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Phuket Gazette Thailand News: U.N., U.S. call for investigations into Thai trafficking of Rohingya

Legacy Phuket Gazette

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Phuket Gazette Thailand News: U.N., U.S. call for investigations into Thai trafficking of Rohingya | The Thaiger

PHUKET MEDIA WATCH
– Thailand news selected by Gazette editors for Phuket’s international community

U.N., U.S. call for investigations into Thai trafficking of Rohingya
Reuters / Phuket Gazette
PHUKET: The United Nations and the United States on Friday called for investigations into the findings of a Reuters report that Thai immigration officials moved Myanmar refugees into human trafficking rings.

The report (story here), published Thursday and based on a two-month investigation in three countries, revealed a clandestine policy to remove Rohingya refugees from Thailand’s immigration detention centres and deliver them to human traffickers waiting at sea.

The Rohingya, stateless Muslims from Myanmar, are then transported across southern Thailand and held hostage in camps hidden near the border with Malaysia until relatives pay ransoms to release them, according to the Reuters report. Some are beaten and some are killed.

“These allegations need to be investigated urgently,” U.N. refugee agency spokeswoman Vivian Tan said in a statement. “We have consistently asked countries in the region to provide temporary protection, including protection against abuse and exploitation.”

Washington issued a similar call hours later. “We are aware of reports alleging that Thai officials have been involved in selling Rohingya migrants to human traffickers,” U.S. State Department spokeswoman Marie Harf said. “We urge the Thai government to conduct a serious and transparent investigation into the matter.”

“We remain deeply concerned about the safety of and humanitarian conditions for vulnerable communities in Burma, including refugees and asylum seekers on Burma’s borders and elsewhere in the region,” Harf added.

Major General Chatchawal of the Royal Thai Police in Bangkok was quoted in the Reuters report saying that there was an unofficial policy to deport the Rohingya to Myanmar. He called this “a natural way or option two.” But he said the Rohingya signed statements in which they agree they want to return to Myanmar. These statements, however, were at times produced in the absence of a Rohingya language translator, Reuters found.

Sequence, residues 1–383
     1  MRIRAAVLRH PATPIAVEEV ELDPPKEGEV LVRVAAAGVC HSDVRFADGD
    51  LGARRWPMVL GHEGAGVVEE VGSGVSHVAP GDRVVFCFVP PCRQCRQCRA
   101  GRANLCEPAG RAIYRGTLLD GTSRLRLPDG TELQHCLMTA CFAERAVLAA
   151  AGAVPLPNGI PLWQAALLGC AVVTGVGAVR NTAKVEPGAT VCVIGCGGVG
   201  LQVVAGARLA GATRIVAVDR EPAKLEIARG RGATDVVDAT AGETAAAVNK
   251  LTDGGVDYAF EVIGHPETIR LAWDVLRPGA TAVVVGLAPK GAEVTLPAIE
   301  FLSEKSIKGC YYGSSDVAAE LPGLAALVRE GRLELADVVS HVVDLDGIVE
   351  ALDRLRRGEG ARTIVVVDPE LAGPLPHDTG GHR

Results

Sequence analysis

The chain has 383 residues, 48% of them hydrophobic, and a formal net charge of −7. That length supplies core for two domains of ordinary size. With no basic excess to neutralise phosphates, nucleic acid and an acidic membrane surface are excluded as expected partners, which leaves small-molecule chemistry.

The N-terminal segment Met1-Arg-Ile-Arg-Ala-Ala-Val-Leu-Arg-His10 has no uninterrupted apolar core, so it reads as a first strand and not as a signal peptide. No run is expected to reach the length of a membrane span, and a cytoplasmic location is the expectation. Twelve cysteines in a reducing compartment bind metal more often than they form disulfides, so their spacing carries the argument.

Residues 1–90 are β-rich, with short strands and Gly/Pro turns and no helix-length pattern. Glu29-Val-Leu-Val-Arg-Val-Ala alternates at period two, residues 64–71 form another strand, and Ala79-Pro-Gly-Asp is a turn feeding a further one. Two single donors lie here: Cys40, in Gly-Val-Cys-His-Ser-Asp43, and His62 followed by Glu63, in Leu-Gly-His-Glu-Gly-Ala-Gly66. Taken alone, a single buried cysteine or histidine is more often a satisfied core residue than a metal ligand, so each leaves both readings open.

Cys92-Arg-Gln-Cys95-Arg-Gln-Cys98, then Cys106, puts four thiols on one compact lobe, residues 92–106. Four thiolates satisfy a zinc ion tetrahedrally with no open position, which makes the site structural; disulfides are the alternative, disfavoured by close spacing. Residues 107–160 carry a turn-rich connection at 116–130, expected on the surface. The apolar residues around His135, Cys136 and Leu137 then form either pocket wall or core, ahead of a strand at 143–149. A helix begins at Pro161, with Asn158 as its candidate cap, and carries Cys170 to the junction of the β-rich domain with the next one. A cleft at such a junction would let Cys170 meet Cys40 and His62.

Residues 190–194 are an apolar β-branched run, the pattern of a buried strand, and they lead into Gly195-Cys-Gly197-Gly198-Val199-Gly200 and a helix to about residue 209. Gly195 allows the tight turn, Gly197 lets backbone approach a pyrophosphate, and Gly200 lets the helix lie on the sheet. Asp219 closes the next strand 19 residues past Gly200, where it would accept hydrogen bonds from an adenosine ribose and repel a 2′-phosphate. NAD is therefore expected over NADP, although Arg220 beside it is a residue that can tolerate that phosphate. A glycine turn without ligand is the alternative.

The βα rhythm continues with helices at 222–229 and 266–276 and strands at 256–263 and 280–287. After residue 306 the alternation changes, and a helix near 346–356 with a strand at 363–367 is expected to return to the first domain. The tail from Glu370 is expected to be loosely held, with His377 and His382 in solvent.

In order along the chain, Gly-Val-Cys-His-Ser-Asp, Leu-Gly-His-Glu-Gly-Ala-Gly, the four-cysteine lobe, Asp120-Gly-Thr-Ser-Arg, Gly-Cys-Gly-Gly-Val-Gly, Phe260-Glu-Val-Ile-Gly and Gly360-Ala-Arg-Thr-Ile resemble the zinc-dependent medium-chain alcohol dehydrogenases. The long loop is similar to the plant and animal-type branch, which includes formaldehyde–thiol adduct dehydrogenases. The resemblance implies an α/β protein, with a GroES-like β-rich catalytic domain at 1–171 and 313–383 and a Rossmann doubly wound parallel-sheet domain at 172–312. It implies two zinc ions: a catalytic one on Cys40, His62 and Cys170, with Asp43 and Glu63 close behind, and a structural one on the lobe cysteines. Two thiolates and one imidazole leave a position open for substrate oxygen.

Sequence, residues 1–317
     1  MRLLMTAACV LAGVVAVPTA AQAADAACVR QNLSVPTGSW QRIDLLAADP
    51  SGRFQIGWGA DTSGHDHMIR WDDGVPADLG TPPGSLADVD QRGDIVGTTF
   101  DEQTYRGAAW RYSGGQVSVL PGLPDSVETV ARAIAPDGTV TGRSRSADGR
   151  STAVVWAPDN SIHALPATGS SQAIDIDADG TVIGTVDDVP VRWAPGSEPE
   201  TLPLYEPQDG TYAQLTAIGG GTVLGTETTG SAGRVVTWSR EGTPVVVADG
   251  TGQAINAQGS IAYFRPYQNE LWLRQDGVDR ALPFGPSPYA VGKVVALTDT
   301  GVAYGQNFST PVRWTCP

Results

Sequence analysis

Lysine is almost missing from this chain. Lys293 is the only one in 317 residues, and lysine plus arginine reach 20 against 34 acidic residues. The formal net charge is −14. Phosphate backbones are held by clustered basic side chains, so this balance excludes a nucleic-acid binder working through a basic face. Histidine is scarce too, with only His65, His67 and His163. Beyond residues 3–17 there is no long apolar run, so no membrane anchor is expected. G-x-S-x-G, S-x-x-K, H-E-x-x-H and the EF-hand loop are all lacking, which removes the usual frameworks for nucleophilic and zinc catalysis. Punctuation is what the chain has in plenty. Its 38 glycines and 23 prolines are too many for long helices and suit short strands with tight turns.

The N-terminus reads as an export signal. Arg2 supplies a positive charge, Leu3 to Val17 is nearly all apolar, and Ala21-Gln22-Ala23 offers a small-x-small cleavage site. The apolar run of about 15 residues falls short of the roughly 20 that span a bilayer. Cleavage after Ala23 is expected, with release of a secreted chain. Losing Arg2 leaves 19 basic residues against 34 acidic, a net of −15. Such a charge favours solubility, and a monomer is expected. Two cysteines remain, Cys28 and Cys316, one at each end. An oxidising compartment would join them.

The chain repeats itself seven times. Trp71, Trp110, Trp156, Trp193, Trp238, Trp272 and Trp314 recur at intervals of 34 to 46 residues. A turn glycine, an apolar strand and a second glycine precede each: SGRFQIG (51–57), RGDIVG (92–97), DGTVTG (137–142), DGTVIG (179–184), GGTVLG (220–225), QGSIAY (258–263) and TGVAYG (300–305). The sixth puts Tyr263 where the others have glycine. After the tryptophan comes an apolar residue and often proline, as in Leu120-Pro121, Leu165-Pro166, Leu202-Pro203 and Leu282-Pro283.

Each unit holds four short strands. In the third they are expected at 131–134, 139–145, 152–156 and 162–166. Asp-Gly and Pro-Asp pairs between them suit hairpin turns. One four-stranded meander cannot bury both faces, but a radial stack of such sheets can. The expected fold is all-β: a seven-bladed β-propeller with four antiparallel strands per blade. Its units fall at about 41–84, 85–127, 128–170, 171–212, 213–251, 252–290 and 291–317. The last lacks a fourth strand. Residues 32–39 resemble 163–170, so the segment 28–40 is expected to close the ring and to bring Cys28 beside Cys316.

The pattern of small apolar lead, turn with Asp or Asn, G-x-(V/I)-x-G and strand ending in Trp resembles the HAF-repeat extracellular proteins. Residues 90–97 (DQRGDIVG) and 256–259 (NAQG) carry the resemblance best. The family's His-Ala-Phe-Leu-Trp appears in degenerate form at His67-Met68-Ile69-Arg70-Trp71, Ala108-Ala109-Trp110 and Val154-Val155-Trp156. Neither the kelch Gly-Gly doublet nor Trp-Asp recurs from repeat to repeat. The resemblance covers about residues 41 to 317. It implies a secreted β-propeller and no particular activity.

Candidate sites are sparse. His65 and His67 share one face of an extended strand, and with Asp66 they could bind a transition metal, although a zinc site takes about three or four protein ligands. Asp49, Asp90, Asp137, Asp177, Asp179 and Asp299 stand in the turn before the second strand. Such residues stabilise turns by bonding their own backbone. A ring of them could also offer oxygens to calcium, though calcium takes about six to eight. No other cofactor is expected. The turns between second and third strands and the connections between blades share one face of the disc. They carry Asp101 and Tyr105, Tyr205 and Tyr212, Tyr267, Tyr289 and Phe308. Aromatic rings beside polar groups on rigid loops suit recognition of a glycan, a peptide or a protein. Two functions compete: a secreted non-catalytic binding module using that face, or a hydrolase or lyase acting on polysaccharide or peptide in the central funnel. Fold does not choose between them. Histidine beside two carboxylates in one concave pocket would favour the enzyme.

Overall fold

“The detainees also need to be informed about their options in a language they understand,” said Tan, the U.N. spokeswoman. “Any decision to leave must be voluntary, and those who choose to leave must be protected against abuse and exploitation by smugglers.”

Possible sanctions

Separately, New York-based watchdog group Human Rights Watch criticised Thailand for moving detainees into established smuggling and trafficking rings, and warned Thailand could face a possible downgrade in a U.S. list of the world’s worst enforcers of human trafficking laws.

Such a downgrade would place Thailand, a close U.S. ally and Southeast Asia’s second-biggest economy, at risk of U.S. sanctions and put it on par with North Korea and Iran among the worst performers in fighting human trafficking.

“The Thai government has some serious explaining to do before the international community,” said Phil Robertson, deputy Asia director at Human Rights Watch.

The U.S. State Department is gathering information for its next Trafficking In Persons (TIP) report, due to be published in June. Thailand faces an automatic downgrade to Tier 3, the lowest rank, unless it makes “significant efforts” to improve its record in combating trafficking, the State Department says. The Tier 3 designation could leave Thailand subject to U.S. sanctions.

“Unless Thailand makes it a top priority to clean these rackets up, and investigate and prosecute all those involved, Bangkok should kiss goodbye any prospect of escaping Tier 3 in the annual U.S. anti-trafficking report,” Robertson said.

Sek Wannamethee, a spokesman for Thailand’s Foreign Ministry, said the Rohingya issue was one of several the United States would take into consideration before deciding whether to downgrade or upgrade Thailand.

“The United States will look at the overall progress of Thailand,” he said. “The focus is on persecution and convictions, and Thailand has made substantive progress.”

The numbers suggest enforcement is losing steam. Nine people have been arrested in Thailand in relation to Rohingya-smuggling in 2013, including two government officials, according to police data. None of the arrests has led to convictions, however.

Thailand prosecuted 27 people for trafficking in 2012, down from 67 the previous year, according to the 2013 TIP Report by the U.S. State Department.

Clashes between Rohingya and ethnic Rakhine Buddhists exploded in Myanmar last year, making 140,000 people homeless, most of them Rohingya. Since then, tens of thousands of Rohingya have fled from Myanmar by boat.

— Phuket Gazette Editors

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Thailand

Smoking at home in Thailand has been banned from today

Tanutam Thawan

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Smoking at home in Thailand has been banned from today | The Thaiger

The ban on smoking at home in Thailand comes into effect today. From today people can be prosecuted for “domestic abuse” by lighting up a cigarette inside a home.

People can call Family and Protection centres on 1300 to report a smoker.

According to the new law, women and children are often the recipients of second hand smoke and the new legislation and fines is designed to assist in protecting them from the harmful effects of cigarette smoke.